May 29, 2006
NEITHER party expected for the war the magnitude or the duration which it has already attained. Neither anticipated that the cause of the conflict might cease with or even before the conflict itself should cease.”
So said Abraham Lincoln in his second inaugural address, describing a war that put 11 percent of our citizens in uniform and had by that point killed nearly one of out every seven soldiers. That his words are relevant again now is a troubling indicator of our national endurance.
We are at the outset of a long war, and not just in Iraq. Yet it is being led politically by the short-sighted, from both sides of the aisle. The deterioration of American support for the mission in Iraq is indicative not so much of our military conduct there, where real gains are coming slowly but steadily, but of chaotic leadership.
Somehow Operation Iraqi Freedom, not a large war by America’s historical standards, has blossomed into a crisis of expectations that threatens our ability to react to future threats with a fist instead of five fingers. Instead of rallying we are squabbling, even as the slow fuse burns.
One party is overly sanguine, unwilling to acknowledge its errors. The other is overly maudlin, unable to forgive the same. The Bush administration seeks to insulate the public from the reality of war, placing its burden on the few. The press has tried to fill that gap by exposing the raw brutality of the insurgency; but it has often done so without context, leaving a clear implication that we can never win.
In the past, the American public could turn to its sons for martial perspective. Soldiers have historically been perhaps the country’s truest reflection, a socio-economic cross-section borne from common ideals. The problem is, this war is not being fought by World War II’s citizen-soldiers. Nor is it fought by Vietnam’s draftees. Its wages are paid by a small cadre of volunteers that composes about one-tenth of 1 percent of the population — America’s warrior class.
The insular nature of this group — and a war that has spiraled into politicization — has left the Americans disconnected and confused. It’s as if they have been invited into the owner’s box to settle a first-quarter disagreement on the coach’s play-calling. Not only are they unprepared to talk play selection, most have never even seen a football game.
This confusion, in turn, affects our warriors, who are frustrated by the country’s lack of cohesion and the depiction of their war. Iraq hasn’t been easy on the military, either. But the strength of our warriors is their ability to adapt.
First, in battle you move forward from where you are, not where you want to be. No one was more surprised that Saddam Hussein had no weapons of mass destruction than the soldiers who rolled into Iraq in full chemical protective gear. But it is time for the rest of the country to do what the military was forced to: get over it.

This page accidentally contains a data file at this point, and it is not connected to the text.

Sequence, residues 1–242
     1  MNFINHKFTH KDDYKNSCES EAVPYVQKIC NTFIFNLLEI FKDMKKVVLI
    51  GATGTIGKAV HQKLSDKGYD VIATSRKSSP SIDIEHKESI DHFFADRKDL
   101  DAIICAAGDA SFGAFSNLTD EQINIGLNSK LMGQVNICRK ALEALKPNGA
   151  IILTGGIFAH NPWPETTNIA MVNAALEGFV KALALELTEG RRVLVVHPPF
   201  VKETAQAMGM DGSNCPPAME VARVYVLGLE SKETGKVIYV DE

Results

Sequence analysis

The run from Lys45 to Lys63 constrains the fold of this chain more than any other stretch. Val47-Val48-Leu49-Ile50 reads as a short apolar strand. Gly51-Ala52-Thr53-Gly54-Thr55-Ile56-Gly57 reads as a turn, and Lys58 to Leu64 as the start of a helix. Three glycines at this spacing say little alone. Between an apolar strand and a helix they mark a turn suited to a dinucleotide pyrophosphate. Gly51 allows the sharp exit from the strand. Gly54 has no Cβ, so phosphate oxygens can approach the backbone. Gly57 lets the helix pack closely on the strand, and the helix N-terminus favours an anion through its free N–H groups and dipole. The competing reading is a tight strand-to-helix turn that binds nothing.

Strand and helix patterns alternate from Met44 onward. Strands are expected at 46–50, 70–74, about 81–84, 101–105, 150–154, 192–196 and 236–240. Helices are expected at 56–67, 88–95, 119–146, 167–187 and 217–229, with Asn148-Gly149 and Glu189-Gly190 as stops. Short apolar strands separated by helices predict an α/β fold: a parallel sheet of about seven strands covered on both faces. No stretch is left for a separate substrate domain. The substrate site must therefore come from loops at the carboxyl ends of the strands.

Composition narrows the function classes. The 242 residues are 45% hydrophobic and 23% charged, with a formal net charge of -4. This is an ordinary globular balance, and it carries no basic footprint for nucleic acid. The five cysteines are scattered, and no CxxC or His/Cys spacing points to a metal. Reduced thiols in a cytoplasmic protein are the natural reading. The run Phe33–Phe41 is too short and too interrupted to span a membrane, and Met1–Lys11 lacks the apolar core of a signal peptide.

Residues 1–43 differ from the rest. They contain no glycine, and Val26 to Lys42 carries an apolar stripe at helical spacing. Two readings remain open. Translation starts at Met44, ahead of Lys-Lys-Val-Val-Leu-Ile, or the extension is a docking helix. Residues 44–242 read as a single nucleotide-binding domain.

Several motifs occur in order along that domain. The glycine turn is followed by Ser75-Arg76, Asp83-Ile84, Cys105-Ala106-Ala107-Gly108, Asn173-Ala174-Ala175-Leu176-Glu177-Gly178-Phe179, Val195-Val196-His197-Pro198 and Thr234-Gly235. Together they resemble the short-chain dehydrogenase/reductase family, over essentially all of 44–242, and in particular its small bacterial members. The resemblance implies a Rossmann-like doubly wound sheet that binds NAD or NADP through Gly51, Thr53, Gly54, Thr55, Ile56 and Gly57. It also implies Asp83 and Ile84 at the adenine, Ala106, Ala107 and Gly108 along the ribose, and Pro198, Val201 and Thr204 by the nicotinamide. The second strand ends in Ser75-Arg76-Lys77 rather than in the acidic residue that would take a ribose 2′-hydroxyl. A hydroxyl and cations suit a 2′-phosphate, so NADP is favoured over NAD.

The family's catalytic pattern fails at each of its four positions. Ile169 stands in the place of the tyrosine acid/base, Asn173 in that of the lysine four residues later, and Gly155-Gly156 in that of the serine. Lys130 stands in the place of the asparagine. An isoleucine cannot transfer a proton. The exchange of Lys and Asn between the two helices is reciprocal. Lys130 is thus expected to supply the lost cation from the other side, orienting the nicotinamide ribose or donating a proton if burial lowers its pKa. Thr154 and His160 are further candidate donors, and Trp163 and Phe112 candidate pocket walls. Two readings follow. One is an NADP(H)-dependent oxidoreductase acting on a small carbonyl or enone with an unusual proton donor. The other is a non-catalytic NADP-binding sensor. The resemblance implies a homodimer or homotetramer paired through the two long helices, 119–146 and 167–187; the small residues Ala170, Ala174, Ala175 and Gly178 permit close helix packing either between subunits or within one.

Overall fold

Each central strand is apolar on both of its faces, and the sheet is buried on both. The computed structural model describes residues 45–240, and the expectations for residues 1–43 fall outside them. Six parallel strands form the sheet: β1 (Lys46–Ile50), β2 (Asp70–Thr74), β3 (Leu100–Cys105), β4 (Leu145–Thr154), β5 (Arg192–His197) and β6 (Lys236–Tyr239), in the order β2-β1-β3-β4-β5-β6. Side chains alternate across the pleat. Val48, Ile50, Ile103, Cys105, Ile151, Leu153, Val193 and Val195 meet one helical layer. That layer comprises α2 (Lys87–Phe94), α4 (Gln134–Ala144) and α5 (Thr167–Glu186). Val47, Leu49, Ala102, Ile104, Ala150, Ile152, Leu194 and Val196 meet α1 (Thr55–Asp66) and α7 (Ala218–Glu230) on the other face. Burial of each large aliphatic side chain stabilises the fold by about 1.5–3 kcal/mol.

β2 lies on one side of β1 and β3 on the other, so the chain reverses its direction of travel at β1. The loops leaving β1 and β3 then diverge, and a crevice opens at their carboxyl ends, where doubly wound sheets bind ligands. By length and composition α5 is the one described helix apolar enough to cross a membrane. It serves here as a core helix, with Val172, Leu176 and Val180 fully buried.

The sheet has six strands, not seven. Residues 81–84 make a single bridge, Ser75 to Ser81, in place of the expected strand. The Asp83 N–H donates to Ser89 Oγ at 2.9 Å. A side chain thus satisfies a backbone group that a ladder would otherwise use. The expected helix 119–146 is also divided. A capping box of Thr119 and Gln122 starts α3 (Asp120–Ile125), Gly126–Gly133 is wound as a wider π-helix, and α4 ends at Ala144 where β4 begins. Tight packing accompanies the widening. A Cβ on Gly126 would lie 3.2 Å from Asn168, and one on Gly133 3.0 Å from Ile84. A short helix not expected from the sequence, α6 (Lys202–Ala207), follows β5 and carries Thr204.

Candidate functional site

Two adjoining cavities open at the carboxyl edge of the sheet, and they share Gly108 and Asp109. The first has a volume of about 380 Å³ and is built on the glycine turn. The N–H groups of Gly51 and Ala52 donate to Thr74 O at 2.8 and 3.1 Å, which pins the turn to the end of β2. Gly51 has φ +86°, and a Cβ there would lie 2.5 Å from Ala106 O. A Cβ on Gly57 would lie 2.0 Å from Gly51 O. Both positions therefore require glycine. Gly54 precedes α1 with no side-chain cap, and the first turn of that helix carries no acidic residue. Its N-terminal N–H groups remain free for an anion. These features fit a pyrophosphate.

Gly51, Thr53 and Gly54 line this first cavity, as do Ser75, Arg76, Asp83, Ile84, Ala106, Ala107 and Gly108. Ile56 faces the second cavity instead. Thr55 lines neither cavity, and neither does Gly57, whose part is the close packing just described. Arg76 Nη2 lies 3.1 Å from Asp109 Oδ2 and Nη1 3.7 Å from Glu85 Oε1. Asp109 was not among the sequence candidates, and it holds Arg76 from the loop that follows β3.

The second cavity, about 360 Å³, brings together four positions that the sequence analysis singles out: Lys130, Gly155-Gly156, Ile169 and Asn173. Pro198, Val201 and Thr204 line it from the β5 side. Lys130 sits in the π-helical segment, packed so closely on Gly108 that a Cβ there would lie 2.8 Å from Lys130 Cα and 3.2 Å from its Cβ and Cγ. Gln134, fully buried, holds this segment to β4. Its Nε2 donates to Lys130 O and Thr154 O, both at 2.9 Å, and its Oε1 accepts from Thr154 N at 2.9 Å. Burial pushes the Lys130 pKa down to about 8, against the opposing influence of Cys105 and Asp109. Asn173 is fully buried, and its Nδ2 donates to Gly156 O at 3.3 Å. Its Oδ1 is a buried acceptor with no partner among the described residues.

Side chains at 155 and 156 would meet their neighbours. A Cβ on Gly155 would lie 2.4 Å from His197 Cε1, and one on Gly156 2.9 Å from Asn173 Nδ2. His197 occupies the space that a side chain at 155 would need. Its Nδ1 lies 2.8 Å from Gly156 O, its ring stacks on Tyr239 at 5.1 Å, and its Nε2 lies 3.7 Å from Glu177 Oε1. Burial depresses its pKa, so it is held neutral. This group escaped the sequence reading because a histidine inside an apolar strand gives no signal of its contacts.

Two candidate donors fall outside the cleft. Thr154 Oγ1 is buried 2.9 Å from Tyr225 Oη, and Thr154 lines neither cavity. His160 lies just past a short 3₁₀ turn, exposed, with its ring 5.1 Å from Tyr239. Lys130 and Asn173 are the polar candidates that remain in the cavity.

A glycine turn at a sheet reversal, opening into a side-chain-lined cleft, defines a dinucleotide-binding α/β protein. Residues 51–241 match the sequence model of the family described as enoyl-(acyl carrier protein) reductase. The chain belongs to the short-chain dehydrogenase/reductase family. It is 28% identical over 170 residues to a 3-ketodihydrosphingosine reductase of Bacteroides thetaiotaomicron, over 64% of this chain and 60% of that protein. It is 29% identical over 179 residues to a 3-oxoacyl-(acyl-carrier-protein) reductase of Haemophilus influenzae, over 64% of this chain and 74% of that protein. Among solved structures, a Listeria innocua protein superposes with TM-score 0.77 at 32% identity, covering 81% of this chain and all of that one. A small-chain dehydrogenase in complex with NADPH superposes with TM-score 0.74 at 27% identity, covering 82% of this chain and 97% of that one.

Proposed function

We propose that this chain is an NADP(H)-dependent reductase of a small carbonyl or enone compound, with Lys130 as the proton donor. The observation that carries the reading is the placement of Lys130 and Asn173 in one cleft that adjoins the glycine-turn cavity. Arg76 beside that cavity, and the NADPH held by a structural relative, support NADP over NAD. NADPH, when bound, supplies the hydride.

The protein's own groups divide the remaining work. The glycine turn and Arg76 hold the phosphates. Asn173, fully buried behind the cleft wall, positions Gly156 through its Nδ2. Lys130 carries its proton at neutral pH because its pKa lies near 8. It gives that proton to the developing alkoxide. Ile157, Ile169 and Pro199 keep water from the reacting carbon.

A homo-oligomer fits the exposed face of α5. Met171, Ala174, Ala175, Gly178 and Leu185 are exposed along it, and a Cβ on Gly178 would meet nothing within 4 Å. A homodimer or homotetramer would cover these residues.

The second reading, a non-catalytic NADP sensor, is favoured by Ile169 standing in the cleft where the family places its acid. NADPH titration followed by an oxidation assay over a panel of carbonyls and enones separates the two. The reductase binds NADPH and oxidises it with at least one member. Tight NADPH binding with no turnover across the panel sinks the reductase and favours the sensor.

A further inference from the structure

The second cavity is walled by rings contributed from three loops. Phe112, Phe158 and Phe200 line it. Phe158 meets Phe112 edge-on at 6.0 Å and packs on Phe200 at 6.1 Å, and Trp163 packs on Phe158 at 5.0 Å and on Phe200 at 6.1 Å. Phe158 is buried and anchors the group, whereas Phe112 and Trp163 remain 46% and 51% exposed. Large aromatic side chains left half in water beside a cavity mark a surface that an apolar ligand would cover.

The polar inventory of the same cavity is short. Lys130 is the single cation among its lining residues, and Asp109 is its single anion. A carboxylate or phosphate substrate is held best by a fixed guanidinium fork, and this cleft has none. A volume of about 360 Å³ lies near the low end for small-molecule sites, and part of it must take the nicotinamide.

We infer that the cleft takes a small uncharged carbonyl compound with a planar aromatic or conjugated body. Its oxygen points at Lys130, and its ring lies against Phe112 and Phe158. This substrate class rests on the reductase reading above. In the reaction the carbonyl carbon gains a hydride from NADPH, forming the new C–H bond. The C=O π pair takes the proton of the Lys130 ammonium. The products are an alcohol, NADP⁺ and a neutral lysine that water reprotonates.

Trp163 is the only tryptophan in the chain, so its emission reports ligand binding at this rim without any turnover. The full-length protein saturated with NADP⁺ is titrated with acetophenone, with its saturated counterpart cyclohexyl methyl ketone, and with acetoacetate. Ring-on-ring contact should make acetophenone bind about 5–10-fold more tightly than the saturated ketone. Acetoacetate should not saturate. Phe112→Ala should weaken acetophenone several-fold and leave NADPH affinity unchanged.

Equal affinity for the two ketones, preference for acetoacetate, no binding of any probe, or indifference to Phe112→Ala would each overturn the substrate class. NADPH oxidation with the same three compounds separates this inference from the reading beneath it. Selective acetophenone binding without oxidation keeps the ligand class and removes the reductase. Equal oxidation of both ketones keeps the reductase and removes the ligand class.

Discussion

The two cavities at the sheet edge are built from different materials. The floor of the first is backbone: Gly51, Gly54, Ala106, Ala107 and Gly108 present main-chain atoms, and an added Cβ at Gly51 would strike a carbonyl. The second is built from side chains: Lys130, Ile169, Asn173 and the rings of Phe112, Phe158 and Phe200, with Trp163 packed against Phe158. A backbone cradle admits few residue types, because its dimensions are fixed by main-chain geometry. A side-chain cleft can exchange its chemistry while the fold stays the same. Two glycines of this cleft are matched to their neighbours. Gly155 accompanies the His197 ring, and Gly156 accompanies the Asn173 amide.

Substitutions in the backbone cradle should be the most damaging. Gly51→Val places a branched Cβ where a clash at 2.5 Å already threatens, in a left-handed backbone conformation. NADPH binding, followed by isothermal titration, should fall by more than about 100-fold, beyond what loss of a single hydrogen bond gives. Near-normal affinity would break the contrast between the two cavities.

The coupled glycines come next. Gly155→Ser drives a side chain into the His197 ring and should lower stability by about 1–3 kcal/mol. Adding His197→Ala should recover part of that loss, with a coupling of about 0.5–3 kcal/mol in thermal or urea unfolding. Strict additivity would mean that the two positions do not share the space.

If we can put 2003’s debates behind us, there is a swath of common ground on which to focus. Both Republicans and Democrats agree we cannot lose Iraq. The general insurgency in Iraq imperils our national interest and the hardcore insurgents are our mortal enemies. Talking of troop reductions is to lose sight of the goal.
Second, America’s conscience is one of its greatest strengths. But self-flagellation, especially in the early stages of a war against an enemy whose worldview is uncompromising, is absolutely hazardous. Three years gone and Iraq’s most famous soldiers are Jessica Lynch and Lynndie England, a victim and a criminal, respectively. Abu Ghraib remains the most famous battle of the war.
Soldiers are sick of apologizing for a sliver of malcontents who are not at all representative of the new breed. But they are also sick of being pitied. Our warriors are the hunters, not the hunted, and we should celebrate them as we did in the past, for while our tastes have changed, warfare — and the need to cultivate national guardians — has not. As Kipling wrote, “The strength of the pack is the wolf.”
Finally, today’s debates are not high-spirited so much as mean-spirited. To allow polarizing forces to dominate the argument by insinuating false motives on one side or a lack of patriotism on the other is to obscure long-term security decisions that have to be made now.
We are clashing with an enemy who has been at war with us in one form or another for two decades. Our military response may take decades more. We have crossed several rivers and the nation is hoping that ahead lie streams. But if they are oceans, we should heed Lincoln’s call: “With malice toward none, with charity for all … let us strive on to finish the work we are in.”